England

South West Trains delay chaos prompts review

Stranded South West train
Image caption Some passengers kept a tally of how many hours they had been stuck (picture: James Bilderbeck)

A rail company has said it will review the way it responds to service disruption after thousands of passengers were stranded for hours.

A heavily pregnant woman was among a group who got off one of the South West Trains (SWT) services outside Woking, Surrey and walked along the tracks.

SWT said Thursday night's problems on trains in and out of London Waterloo were caused by vandalism to a cable.

"We are committed to learning any lessons," it said.

Network Rail said 60 trains out of London Waterloo were affected by the signalling fault.

Further delays were caused because power to the rails had to be turned off when the passengers went on to the track.

'Police angry'

Emma Firth, from Farnham, who is eight months pregnant, said: "Me and another man talked to each other and said: 'This is our only chance'.

"In my condition I wasn't going to sleep overnight on a train, I had no food or drink.

"So the man gave me a piggy back off the train and helped me walk down the track.

Image caption Emma Firth was given a piggy back by another passenger

"One guard, with a torch, helped us walk across the track safely and was very polite but the police at the gates were very angry, saying we had trespassed.

"I got home around 2300 BST."

Another passenger, who asked only to be named as Keith, said he took the 18.33 South West Trains service from Clapham, which ground to a halt near Woking.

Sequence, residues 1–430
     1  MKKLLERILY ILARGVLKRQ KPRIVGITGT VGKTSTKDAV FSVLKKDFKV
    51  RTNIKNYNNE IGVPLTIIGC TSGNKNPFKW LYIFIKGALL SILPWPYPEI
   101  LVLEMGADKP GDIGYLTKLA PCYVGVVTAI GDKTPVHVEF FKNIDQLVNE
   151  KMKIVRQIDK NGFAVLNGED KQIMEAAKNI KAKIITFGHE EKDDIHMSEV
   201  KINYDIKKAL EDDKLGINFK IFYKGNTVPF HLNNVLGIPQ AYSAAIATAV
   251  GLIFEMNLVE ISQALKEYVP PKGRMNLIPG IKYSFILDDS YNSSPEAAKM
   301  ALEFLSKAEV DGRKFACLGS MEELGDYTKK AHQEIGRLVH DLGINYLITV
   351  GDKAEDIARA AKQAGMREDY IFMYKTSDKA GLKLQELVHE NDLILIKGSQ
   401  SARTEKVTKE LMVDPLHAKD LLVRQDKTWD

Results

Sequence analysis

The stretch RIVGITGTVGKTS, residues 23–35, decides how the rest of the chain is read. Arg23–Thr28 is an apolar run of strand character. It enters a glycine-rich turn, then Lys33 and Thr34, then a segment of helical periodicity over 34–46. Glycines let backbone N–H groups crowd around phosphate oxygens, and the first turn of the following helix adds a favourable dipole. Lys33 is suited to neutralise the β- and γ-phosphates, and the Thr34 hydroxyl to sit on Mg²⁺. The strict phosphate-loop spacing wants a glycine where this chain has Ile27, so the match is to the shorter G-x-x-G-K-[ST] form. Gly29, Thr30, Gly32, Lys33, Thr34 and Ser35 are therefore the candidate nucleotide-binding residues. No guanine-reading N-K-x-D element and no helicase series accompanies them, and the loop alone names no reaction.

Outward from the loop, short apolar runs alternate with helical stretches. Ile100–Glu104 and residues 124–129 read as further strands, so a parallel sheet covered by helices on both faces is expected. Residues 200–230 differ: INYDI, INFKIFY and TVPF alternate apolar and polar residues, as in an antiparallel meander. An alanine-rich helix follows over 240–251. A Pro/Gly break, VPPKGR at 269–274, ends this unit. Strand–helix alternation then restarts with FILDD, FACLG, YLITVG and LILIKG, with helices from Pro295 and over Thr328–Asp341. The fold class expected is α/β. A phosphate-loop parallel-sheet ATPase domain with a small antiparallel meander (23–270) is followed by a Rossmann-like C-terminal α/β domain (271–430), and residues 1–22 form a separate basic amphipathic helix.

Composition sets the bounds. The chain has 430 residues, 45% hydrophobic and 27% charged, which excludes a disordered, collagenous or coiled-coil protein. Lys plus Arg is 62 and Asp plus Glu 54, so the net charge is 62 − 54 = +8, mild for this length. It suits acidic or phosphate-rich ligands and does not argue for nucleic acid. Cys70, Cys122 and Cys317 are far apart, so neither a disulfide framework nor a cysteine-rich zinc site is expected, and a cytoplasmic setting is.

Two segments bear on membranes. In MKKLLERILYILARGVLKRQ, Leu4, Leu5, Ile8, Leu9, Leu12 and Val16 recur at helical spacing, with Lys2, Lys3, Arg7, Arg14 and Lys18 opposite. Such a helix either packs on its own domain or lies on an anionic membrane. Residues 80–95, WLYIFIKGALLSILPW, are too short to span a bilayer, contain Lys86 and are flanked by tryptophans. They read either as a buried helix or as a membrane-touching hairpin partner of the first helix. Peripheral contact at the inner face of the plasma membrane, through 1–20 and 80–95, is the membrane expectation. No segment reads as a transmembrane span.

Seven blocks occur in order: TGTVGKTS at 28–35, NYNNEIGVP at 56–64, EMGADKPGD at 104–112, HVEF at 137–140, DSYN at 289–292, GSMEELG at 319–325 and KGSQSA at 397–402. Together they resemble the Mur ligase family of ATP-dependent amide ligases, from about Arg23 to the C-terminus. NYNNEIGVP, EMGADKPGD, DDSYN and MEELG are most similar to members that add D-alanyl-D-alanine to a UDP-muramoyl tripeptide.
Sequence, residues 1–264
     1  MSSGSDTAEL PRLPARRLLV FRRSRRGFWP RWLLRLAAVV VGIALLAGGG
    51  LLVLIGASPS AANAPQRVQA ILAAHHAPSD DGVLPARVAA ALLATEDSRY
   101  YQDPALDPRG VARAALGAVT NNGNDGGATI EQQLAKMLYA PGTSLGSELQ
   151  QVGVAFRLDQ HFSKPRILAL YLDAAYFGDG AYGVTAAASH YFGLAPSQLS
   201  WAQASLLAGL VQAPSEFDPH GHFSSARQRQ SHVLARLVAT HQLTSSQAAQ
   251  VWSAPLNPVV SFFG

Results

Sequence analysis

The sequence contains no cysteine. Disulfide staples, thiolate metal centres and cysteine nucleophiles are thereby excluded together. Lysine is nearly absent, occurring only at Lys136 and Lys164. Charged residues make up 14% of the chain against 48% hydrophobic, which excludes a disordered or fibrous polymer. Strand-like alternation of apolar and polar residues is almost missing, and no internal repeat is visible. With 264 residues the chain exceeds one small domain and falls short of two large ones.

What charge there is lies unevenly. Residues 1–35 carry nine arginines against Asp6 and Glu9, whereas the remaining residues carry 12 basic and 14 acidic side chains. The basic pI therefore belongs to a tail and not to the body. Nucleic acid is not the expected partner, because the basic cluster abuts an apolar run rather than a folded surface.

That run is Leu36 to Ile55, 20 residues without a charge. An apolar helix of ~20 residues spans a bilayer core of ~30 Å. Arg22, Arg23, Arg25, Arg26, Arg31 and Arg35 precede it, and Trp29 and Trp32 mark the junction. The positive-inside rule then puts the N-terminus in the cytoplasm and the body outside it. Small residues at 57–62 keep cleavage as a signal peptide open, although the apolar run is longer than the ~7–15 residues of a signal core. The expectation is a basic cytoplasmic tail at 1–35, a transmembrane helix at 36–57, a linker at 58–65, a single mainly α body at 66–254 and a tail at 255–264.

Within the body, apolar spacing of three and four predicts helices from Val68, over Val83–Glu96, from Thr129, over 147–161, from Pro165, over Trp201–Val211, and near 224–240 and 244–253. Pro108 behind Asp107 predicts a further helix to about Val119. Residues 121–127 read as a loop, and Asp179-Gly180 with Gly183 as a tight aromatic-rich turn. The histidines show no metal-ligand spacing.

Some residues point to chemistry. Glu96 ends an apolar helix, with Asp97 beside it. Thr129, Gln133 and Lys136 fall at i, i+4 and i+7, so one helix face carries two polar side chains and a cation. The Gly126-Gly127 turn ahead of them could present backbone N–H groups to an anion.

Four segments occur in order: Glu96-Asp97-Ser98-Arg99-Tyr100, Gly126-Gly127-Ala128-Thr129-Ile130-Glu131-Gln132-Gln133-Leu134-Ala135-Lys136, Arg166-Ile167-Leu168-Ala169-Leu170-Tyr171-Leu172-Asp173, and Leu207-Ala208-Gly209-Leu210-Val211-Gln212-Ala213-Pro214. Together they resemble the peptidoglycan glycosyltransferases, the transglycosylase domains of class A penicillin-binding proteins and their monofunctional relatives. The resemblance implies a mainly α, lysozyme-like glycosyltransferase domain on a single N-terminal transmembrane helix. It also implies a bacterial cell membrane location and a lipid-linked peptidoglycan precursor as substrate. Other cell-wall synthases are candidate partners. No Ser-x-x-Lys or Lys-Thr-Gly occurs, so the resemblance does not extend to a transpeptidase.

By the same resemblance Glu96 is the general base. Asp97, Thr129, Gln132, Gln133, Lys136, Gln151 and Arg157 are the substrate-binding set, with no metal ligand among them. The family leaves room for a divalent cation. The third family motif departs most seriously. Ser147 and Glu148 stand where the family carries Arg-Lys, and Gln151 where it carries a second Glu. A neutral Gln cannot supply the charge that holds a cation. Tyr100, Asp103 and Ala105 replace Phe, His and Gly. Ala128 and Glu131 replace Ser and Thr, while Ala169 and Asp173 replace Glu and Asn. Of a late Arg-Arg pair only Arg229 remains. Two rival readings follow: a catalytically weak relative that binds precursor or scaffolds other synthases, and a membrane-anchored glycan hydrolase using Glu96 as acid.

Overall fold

He said the passengers, who also included a diabetic man who needed insulin, decided to get off the train after about two hours.

"There were constant announcements every five minutes from the train driver saying he did not know when we would be moving.

"When we got to the gates the police tried to get our names, saying we were trespassing and that South West Trains take this behaviour very seriously.

"They didn't manage to get any of our names in the end. I got home at around 23.30."

Passenger Tim Leunig was stuck at Waterloo.

"What was amazing was the lack of information at Waterloo and the lack of thinking through which trains to run and which to cancel," he said.

Image caption Passengers at Waterloo said they were frustrated by the lack of information (picture by Kylie Barton)

"They kept blaming different things."

'Tell the drivers'

MP for Mole Valley, Sir Paul Beresford, said: "It seems to me as though there was a lack of communication between Network Rail and South West Trains, particularly as evacuation has to be done really carefully.

"Someone should have been telling the drivers and the drivers should have been telling people."

SWT trains said some services had to be cancelled on Friday morning and others were running with fewer carriages than normal.

It apologised for the latest in a series of disruptions to hit passengers this week.

"The signalling problems are now reported to have been caused by deliberate damage to signalling system cable," it said.

"We are extremely angry and frustrated that mindless and irresponsible vandalism meant that many of our passengers had a terrible journey last night.

"As a matter of course, we will work with Network Rail to review the response to last night's disruption.

"We are committed to learning any lessons and taking any steps required to improve the flow of information to passengers."

Image caption Network Rail said 60 trains, all from London Waterloo, were affected by the disruption

Transport Secretary Philip Hammond said the review would look at what happened and the communications issues.

"Whatever the original cause we need a proper robust and reliable system for communicating with passengers and getting them to stations as quickly as possible," he said.

"Anyone running a business, when something goes wrong, needs to talk to their customers."

British Transport Police said its officers spoke to the passengers at Woking about the dangers of going onto the line without being directed to do so by rail staff or a police officer.

"We understand the concerns of passengers, particularly the heavily pregnant woman, and we are sorry if anyone felt our officers were not sympathetic to their plight."

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